A primer for Tennessee banks on C-PACER financing for energy and resiliency improvements

Brandon England, Energy Efficiency Loan Program Director, Pathway Lending

Commercial Property Assessed Clean Energy & Resiliency (C-PACER) has financed over $4 Billion in energy efficiency and resiliency property investments through 2021. Introduced in 37 states since 2010, C-PACER financing allows property owners to address rising energy costs and changing environmental conditions. In April 2021, Tennessee enacted legislation to create a framework for local governments to implement C-PACER programs. Memphis established its program in December, and Nashville will likely follow in early 2023.

C-PACER’s arrival presents an opportunity for Tennessee banks that understand how it can benefit clients, mortgage holders and bank portfolios.

Traditional assessments offer a useful comparison for understanding how C-PACER works. Much like assessments levy expenses for public improvements to all who benefit – such as requiring all homeowners in an area to pay a portion of the costs for sidewalks – C-PACER offers a way to cover expenses for individual property investments that benefit the public by reducing environmental impacts. But with C-PACER, the assessment is a voluntary one incurred on a specific property by the property owner for qualified projects installed up to 24 months prior, and mortgage holders of the property must all consent.

Across commercial real estate sectors that span hospitality, healthcare, office, multifamily, retail, and industrial, property owners have most often covered the costs of HVAC, lighting, and building envelope improvements with C-PACER. They can also finance renewable energy, control systems, stormwater, water conservation, and other upgrades which improve efficiency and resiliency with C-PACER.

C-PACER offers a financing tool that benefits clients, banks and the public alike.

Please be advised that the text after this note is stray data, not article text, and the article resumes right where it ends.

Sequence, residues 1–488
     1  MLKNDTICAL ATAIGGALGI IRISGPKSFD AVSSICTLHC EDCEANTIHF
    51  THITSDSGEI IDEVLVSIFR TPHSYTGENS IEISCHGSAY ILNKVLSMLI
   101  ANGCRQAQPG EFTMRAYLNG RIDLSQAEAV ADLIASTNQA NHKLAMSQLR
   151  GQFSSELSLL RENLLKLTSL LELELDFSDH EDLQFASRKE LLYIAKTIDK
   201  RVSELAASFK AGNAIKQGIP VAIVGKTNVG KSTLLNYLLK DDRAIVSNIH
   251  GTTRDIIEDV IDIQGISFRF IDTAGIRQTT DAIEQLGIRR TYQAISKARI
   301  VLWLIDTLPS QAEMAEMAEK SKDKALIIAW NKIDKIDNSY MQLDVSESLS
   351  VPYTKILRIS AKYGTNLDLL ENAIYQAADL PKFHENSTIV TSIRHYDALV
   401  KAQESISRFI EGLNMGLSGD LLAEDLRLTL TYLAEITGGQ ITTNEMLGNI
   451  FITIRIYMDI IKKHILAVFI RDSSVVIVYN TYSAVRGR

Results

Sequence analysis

C-PACER benefits bank clients with long-term, non-recourse financing for high-cost improvements to a facility that borrowers can pass upon the sale of the property to its purchaser. C-PACER also functions as gap financing in a project’s capital stack, allowing investors to increase return on equity and preserve capital for other purposes.

C-PACER benefits mortgage holders on a property as well. The investments covered by C-PACER will improve collateral value through improved net operating income and an investor market more attuned than ever to sustainability and resiliency as important factors in determining a property’s value. And since C-PACER payments cannot be accelerated, a prospective buyer would only be obligated to catch up on missed payments in the event of default by the previous owner. Mortgage holders can also cover C-PACER obligations by escrowing payments along with other tax payments.

Finally, C-PACER benefits a bank’s portfolio with respect to concentration risk by reducing commercial real estate exposure. C-PACER can lower the loan-to-value ratio of the primary mortgage when a project is initially financed and offers the ability to re-capitalize a project to inject capital when a property needs cash or to pay for needed improvements without refinancing the existing mortgage. C-PACER can also keep a project’s ROI on track in the face of rising construction costs and higher rates by bridging a financing gap without the need for a second mortgage or risk rates of mezzanine debt.

As a novel financing tool, C-PACER comes with complexity, but its benefits explain why property owners, mortgage holders, state and local government across the country have considered it worth navigating.

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